Financial analysis comprises a number of considerations and methods. They all begin by assigning costs to all germane capital, fixed, and variable items in the existing state and in the future state, and also considering expected revenues. Some of the accounting is straightforward, but other analyses require **time value of money (TVoM)** calculations.

I often quip that my family has produced four generations of economists (or at least financial professionals) and that as a mechanical engineer and programmer I’m something of a black sheep. However, that background led me to take a course in engineering economic analysis in the spring semester of my freshman year in college, back in 1981. I also spent the following summer working as a customer service rep for a mutual fund run by my father’s company, Federated Investors.

Time value of money calculations come in many variations, but they all involve series of revenues and payments at an interest rate. One of the most important of these calculations is for **present value**. This is applied because (under a normal situation where interest rates are positive) money in the future is considered less valuable than money today, which is why interest rates in such calculations are called **discount rates**. For projects that may involve expenditures and revenues over long periods of time, these must all be converted to present values to determine whether the project makes sense. Interest rates may be different for revenues and expenditures.

Here are some specific elements that come up (many are listed in the BABOK, but not all).

**Capital Costs**: These are one-time costs for items needed to support the new process. They can include physical plant, machines, tools, IP licenses, software, and one-time services.

**Fixed Costs**: Ongoing costs that occur at regular intervals, whose magnitudes either don’t change or change at predictable rates. These can include salaries and benefits, rents, utilities, ongoing license fees, regular consumables, insurance premiums, scheduled maintenance, regulatory fees, and so on.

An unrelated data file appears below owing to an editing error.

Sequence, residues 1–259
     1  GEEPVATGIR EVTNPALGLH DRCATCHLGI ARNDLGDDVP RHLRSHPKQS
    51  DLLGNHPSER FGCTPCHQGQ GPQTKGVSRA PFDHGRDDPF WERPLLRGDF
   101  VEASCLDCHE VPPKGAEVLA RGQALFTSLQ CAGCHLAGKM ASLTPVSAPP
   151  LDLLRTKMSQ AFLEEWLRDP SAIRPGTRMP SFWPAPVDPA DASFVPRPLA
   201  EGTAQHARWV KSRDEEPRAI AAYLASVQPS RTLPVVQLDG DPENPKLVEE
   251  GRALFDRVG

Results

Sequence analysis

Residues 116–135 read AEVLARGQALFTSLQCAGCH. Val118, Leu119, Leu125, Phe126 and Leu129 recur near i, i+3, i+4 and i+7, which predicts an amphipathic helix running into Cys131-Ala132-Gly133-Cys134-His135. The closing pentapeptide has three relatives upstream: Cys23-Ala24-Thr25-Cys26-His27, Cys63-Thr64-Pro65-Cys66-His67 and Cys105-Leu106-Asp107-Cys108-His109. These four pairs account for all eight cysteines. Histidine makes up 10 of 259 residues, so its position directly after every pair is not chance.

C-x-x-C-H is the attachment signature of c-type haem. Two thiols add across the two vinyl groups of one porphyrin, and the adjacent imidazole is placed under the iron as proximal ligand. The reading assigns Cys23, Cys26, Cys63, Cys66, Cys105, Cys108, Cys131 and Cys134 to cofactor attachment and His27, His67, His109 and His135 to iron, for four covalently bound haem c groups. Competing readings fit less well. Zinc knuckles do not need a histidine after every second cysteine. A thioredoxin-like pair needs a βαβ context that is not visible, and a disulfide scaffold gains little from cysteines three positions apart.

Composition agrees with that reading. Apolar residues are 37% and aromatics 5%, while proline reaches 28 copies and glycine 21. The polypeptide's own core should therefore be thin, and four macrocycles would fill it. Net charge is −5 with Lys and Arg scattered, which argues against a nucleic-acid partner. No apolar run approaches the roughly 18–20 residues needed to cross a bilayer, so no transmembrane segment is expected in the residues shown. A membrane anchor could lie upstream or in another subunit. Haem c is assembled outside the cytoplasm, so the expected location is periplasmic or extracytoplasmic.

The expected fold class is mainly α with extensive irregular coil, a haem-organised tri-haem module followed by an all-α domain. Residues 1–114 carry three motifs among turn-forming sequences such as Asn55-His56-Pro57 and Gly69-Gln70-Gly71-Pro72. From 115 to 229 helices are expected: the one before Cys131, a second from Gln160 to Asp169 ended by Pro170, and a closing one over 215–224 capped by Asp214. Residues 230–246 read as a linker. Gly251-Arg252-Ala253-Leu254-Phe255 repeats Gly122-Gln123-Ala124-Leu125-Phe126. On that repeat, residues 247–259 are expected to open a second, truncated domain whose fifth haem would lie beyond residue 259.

**Variable Costs** These are costs that occur at irregular intervals or that can be different over time. These can be incurred due to market and regulatory changes, natural disasters (even if covered by insurance), unscheduled maintenance, accidents, and more.

**Revenues**: These are the projected income amounts over future intervals of time. These can never be known for sure in advance, although estimates may be more accurate to the degree that future conditions are expected to resemble past and current conditions. Projections of future revenues are ultimately up to the entrepreneurial judgment of the owners and managers of the organization. I’ve seen such judgments be very successful and fail completely. Consider the difference between Steve Jobs’ launching of the iPhone, iPad, and Apple Watch, the demand for which could not actually be known (and also the Palm/HP Pre smartphone, which you probably don’t remember for a reason), and the decision to place a new drug store in a growing neighborhood with well-understood demographics.

**Value Realization**: This is essentially present value of all future forms of income, but it should also include non-financial aspects of value. Examples of the latter are improved employee engagement and morale, reliability, and organizational reputation (although economic values can be assigned to those things).